The UK government published its draft National Data Strategy in 2020 that sets out how it intends to responsibly unlock the full potential and value of data for the benefit of the UK. This is not just limited to personal data – it defines data as information about people, things and systems.
It is clear from the lengthy Strategy that the government is keen to define its position as business minded and internationally focused in relation to data in a post-Brexit world. It acknowledges that the coronavirus pandemic has highlighted the untapped resource of data that can be used to help individuals, businesses and the public sector.
It should also be pointed out that the Strategy is clear that the price for harnessing this data must not be the cost of the privacy rights of the individual, and that a balance must be struck.
The Strategy is set out as a framework and calls for consultation across industries, asking questions and considering case studies. The consultation period ended in December 2020 and we await the outcome.
The government has based its Strategy on four pillars: data foundations, skills, availability and responsibility.
The government recognises that in the past there has not been a particularly joined up approach in the UK in relation to standardised formats of data, particularly in the public sector (we only have to look at the NHS for an example of the difficulties that this can cause). Going forward, the focus will be on ensuring that data is "fit for purpose", making it more useable and improving its quality.
There were 100,000 unfilled data professional jobs in the UK in 2020. The aim is to plug this gap through education and ensure that the UK workforce has the requisite skills to harness the value of data.
The government recognises that for the Strategy to work, data needs to be easily accessible, transferable and capable of re-use. This requires a more organised flow of data between those that need to access it.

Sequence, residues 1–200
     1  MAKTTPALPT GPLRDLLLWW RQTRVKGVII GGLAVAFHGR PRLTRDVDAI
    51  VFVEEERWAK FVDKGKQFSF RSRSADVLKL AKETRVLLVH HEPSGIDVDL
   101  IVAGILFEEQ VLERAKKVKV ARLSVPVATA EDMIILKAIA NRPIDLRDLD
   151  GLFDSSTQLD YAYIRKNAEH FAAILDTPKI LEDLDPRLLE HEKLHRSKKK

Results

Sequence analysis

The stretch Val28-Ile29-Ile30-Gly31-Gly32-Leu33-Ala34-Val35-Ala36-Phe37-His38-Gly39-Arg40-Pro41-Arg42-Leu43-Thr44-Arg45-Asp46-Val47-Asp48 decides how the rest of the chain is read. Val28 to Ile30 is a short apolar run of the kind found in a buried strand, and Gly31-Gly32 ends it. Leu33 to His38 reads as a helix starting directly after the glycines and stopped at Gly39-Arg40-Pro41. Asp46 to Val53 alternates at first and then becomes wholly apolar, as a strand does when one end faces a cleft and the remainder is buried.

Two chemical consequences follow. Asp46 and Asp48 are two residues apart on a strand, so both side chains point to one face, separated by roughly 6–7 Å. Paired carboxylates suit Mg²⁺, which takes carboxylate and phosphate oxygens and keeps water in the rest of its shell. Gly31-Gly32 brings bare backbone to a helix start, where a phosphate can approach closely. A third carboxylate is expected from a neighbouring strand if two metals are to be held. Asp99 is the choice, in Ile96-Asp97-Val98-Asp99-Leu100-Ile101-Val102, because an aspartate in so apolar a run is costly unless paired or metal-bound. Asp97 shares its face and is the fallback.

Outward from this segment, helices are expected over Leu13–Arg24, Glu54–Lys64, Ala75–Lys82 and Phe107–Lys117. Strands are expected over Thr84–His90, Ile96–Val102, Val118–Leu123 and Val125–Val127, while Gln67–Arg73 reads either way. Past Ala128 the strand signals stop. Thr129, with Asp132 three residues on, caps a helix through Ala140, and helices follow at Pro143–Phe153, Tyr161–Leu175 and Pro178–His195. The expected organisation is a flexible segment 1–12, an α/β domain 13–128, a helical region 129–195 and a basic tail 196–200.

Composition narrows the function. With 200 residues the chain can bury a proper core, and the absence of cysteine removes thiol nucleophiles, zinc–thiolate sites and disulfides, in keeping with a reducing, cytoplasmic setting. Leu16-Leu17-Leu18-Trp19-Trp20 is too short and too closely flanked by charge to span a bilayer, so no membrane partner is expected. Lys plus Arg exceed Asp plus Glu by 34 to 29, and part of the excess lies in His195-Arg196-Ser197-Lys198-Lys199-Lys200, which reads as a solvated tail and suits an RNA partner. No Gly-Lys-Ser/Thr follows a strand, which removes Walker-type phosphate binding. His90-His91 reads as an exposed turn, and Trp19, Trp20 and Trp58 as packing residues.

The final element of the Strategy focuses on ensuring that the use of data remains lawful, secure, fair, ethical, sustainable and accountable. It also mentions that it should support innovation and research, ensuring that the benefits of effective data use and access are spread across sectors.
From the pillars of the Strategy flow five key areas of action identified by the government. These actions are defined by missions:
This mission focuses on ensuring that data is easily accessible across organisations big and small, public and private, to push economic growth.
The government says it aims to ensure that the data regime is not "too burdensome for the average company", while it gives a nod to the data protection laws by stating that where personal data is involved there must be a balancing act of the public benefit and individual privacy rights.
The government recognises that there needs to be a transformation of its own approach to the use of data if its full potential is to be unlocked.
This mission speaks to the importance of a secure infrastructure on which to build the use of data, which can flex with the forecasted growth.
The government is clear in the Strategy that it wants to remove "unjustified" barriers to transfers of data. This is a very interesting element. It highlights that the UK is seeking to define its new role globally in relation to data following its recent departure from the EU. Could we see a departure from the EU's conservative approach to data transfers (as demonstrated in the recent Schrems II decision).
The Strategy identifies five core opportunities relating to data that the UK can seize on if it builds on the pillars and follows the actions:
These defined opportunities in data bring together all the threads of the Strategy and demonstrate the government's optimistic outlook if it can successfully implement the Strategy across the UK's sectors.
The focus of this ambitious National Data Strategy is clearly to make better, more effective use of the data in the UK, while respecting individuals' privacy rights and the existing data protection laws.
The UK government hopes that this will bring significant economic growth in the UK and stronger partnerships with the rest of the world via the removal of unnecessary barriers to transfers of data as the UK looks to define its global position as a pragmatic power post Brexit.
The government recognises that it cannot do this alone, and there is a call to arms across industries to consult and collaborate to unlock the power of data.
We await the publication of the results of the consultation. Notable published responses so far have come from the Information Commissioner, who has unsurprisingly focused on the importance of data protection in the Strategy, and the Alan Turing Institute, which has called for more clarity on how specific points of the Strategy will be implemented.
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